Dillman, D.A. (1978). Mail and Telephone Surveys.New York: Wiley.
Kader, S, Husniyah A.R., Heriza, H, Amin, O, Syuhaily O, (2004). Malaysian Journal of Consumer and Family, 7, 91.
Gibb, A., & Dainty, A. (2007). Perspectives of UK house builders on the use of offsite modern methods of construction.  Journal of Construction Management and Economics ,25, 183-194.
Gould and Joyce, (2003). Construction Project Management.  USA: Prentice Hall.
Graham, D. (2006). Managing residential construction project strategy and solutions. Penn Plaza, New York: Mc Graw Hill Co., Inc.
Goulding, B.W. (2007). Carpentry framing and finishing. Englewood Cift, New Jersey: Prentice hall, Inc. Hages, J. F.,and Harns, P. (1993). Research Methods for Business. USA: Lex Publishing.
Hodgett, R. (2004). Management Essential. USA: Prentice Hall.
Keizer, H. (2006). Project Management Case Studies. Hoboken, New Jersey:  John Wiley & Son, Inc.
Keizer, H. & Render, B. (2008). Element in Project Management.  Hoboken, New Jersey: John Wiley & Son, Inc.
Keizer, J. & Barry, R. (2005). Fundamental of residential construction. Hoboken, New Jersey:  John Wiley & Son, Inc.
Kementerian Kerja Raya Malaysia, Annual Report(2005). Malaysian Productivity Report (2005).
Marchman, D. A. (1998). Construction Scheduling.  USA:  Delmer Publisher.
Melton, Trish. (2008). Developing a project delivery strategy. Real project planning. Elsevier Ltd.
Miles and Huberman. (1994). An Expended Sourcebook Qualitative Data Analysis. India:  Sage Publication
Mike, S., Mubarak, S., Norman K.D, Yvouna S, Linclon and Dodge Wood (2000). Construction Data Book. New York:  Mc Graw Hill Co.Inc.
Nash. (1983). Fulfilling Customer Need. USA: Firefly books Inc.
Peter, B, & Butler, D. (1973). Building cost control Techniques and Economic. London: William Heinemam Ltd.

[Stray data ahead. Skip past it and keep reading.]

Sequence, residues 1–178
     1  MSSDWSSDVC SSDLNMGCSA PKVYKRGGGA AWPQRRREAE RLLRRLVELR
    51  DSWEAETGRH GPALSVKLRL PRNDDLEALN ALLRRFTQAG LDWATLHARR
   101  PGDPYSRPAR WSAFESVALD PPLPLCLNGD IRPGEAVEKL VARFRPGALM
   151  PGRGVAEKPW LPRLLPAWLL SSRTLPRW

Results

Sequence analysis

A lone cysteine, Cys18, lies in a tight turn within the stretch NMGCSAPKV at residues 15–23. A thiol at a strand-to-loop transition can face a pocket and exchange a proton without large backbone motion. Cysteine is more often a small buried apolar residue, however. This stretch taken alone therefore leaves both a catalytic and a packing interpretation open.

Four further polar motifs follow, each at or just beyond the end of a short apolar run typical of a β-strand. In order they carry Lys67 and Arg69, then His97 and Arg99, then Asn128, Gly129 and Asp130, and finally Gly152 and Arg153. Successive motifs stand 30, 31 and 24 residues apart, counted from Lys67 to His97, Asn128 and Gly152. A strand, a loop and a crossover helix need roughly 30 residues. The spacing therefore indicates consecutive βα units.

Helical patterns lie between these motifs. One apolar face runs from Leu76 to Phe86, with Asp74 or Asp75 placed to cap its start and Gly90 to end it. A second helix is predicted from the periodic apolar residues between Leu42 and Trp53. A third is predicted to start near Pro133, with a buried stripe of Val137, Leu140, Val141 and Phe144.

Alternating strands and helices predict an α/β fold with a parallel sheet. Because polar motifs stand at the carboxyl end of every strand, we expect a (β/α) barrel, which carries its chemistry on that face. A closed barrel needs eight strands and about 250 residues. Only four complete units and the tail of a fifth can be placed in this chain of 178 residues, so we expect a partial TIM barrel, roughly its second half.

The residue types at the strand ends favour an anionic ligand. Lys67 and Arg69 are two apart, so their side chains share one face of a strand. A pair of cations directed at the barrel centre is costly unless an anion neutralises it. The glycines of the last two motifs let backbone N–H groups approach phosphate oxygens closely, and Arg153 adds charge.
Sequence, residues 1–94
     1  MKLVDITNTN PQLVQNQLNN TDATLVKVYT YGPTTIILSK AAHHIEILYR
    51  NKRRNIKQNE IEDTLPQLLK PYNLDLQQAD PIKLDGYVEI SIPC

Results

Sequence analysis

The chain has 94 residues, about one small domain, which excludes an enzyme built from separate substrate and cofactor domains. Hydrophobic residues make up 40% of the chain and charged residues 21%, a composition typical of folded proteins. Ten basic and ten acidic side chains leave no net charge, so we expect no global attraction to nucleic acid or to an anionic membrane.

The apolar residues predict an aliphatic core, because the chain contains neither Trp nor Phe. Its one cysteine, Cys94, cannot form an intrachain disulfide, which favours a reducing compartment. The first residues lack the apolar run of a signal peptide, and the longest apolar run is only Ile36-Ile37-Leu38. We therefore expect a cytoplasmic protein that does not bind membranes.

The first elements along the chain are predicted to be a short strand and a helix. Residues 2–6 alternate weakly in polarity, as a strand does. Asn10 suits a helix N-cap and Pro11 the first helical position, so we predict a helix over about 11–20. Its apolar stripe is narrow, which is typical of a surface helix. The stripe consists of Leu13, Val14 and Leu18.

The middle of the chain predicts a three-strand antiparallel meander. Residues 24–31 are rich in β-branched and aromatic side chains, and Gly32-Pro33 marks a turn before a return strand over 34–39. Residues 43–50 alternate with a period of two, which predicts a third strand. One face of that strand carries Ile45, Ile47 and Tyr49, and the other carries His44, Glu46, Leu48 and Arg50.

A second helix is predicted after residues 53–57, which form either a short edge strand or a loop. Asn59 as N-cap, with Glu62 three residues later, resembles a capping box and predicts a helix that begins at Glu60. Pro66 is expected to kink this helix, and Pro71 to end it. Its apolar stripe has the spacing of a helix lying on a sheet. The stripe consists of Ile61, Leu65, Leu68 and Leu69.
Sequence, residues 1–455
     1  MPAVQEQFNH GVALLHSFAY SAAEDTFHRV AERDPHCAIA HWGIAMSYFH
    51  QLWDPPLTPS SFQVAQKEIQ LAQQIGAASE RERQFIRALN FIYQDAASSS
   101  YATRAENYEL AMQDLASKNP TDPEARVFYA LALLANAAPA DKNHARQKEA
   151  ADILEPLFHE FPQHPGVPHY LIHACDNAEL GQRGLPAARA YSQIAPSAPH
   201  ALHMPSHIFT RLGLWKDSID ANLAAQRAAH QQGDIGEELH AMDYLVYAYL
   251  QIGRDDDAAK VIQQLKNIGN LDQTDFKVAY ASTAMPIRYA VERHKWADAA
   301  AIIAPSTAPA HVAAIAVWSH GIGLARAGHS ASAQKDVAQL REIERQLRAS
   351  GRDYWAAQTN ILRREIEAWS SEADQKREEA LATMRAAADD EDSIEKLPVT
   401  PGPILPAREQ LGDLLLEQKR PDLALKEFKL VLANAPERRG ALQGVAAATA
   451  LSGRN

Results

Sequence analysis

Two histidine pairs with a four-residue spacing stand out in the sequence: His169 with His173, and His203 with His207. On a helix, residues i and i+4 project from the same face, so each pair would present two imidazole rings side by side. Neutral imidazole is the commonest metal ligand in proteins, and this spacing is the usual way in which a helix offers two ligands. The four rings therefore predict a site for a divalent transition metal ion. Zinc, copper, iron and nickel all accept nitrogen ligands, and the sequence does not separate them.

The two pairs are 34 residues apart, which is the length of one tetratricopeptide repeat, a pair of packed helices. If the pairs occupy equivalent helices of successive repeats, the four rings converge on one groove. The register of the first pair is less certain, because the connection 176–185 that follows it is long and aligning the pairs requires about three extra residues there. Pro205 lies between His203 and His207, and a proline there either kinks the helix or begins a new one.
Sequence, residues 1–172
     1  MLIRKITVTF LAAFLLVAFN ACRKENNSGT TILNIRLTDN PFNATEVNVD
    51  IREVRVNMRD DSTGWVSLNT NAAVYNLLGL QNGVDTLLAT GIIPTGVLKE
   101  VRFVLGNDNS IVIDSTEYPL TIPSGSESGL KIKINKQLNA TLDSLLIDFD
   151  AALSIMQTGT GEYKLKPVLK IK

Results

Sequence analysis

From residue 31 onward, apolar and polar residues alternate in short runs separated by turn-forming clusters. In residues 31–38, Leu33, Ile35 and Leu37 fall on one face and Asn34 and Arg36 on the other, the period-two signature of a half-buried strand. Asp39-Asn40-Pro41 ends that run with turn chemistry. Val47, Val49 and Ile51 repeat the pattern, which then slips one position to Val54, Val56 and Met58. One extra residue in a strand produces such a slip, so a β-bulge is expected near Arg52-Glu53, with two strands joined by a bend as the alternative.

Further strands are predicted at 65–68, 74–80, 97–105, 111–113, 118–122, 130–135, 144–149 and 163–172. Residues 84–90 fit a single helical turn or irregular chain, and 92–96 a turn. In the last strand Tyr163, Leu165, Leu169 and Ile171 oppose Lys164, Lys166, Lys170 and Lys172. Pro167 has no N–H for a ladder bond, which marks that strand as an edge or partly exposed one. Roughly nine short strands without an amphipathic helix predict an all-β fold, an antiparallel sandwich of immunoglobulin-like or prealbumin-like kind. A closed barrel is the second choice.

Pinto, J. K. & Trailer, J.W. (1999). Essentials of project control. Pennsylvania, USA: Project management institute, Inc.
Pinto, J. K. ., & Derries, B. (2005). Building cost control Techniques and Economic. London: William Heinemam Ltd.
Poon Yu & Jai Bon. (2004). Journal of Reducing Building Waste at Construction Side in Hong Kong. 22.461- 470.
Rowe, S. (2007). Project Management for Small Project.
Robin, H. J., and Robin, I, S. (1995). Qualitative Interviewing. Sage Publication. Spinner, D. (2004). The Flooring Hand Book. U.K.: Firefly Books Limited.
Stevenson, W. J. (2005). Operation Management. New York: Mc Graw Hill Co. Inc.
Tan, A.L., (2005). Successful Project Management in Malaysia. Malaysia: Asia Pacific Media, Publication Sdn. Bhd.
Taylor, J. P. (1980).  Plastering. George Godmin Limited G.B.
Wong, E. C. (1997). Business Research Method.  USA:  Richard D. Irwin.
Woodson, D. R. (2005). Be a successful Building Contractor (3rd ed.). USA: McGraw Hill Inc.
Zamini, A and Bachan, M. (2008). The Malaysian Standard Form of Building Contract. Malaysia: Malaysian Law of Journal Sdn Bhd.
Select your language of interest to view the total content in your interested language
Post your comment

Share This Article

Relevant Topics

Article Usage

  • Total views: 11586
  • [From(publication date):
    February-2011 - Nov 25, 2017]
  • Breakdown by view type
  • HTML page views : 7779
  • PDF downloads : 3807
 

Post your comment

captcha   Reload  Can't read the image? click here to refresh

Peer Reviewed Journals
 
Make the best use of Scientific Research and information from our 700 + peer reviewed, Open Access Journals
International Conferences 2017-18
 
Meet Inspiring Speakers and Experts at our 3000+ Global Annual Meetings

Contact Us

Agri & Aquaculture Journals

Dr. Krish

[email protected]

1-702-714-7001Extn: 9040

Biochemistry Journals

Datta A

[email protected]

1-702-714-7001Extn: 9037

Business & Management Journals

Ronald

[email protected]

1-702-714-7001Extn: 9042

Chemistry Journals

Gabriel Shaw

[email protected]

1-702-714-7001Extn: 9040

Clinical Journals

Datta A

[email protected]

1-702-714-7001Extn: 9037

Engineering Journals

James Franklin

[email protected]

1-702-714-7001Extn: 9042

Food & Nutrition Journals

Katie Wilson

[email protected]

1-702-714-7001Extn: 9042

General Science

Andrea Jason

[email protected]

1-702-714-7001Extn: 9043

Genetics & Molecular Biology Journals

Anna Melissa

[email protected]

1-702-714-7001Extn: 9006

Immunology & Microbiology Journals

David Gorantl

[email protected]

1-702-714-7001Extn: 9014

Materials Science Journals

Rachle Green

[email protected]m

1-702-714-7001Extn: 9039

Nursing & Health Care Journals

Stephanie Skinner

[email protected]

1-702-714-7001Extn: 9039

Medical Journals

Nimmi Anna

[email protected]

1-702-714-7001Extn: 9038

Neuroscience & Psychology Journals

Nathan T

[email protected]

1-702-714-7001Extn: 9041

Pharmaceutical Sciences Journals

Ann Jose

[email protected]

1-702-714-7001Extn: 9007

Social & Political Science Journals

Steve Harry

[email protected]

1-702-714-7001Extn: 9042

 
© 2008- 2017 OMICS International - Open Access Publisher. Best viewed in Mozilla Firefox | Google Chrome | Above IE 7.0 version
adwords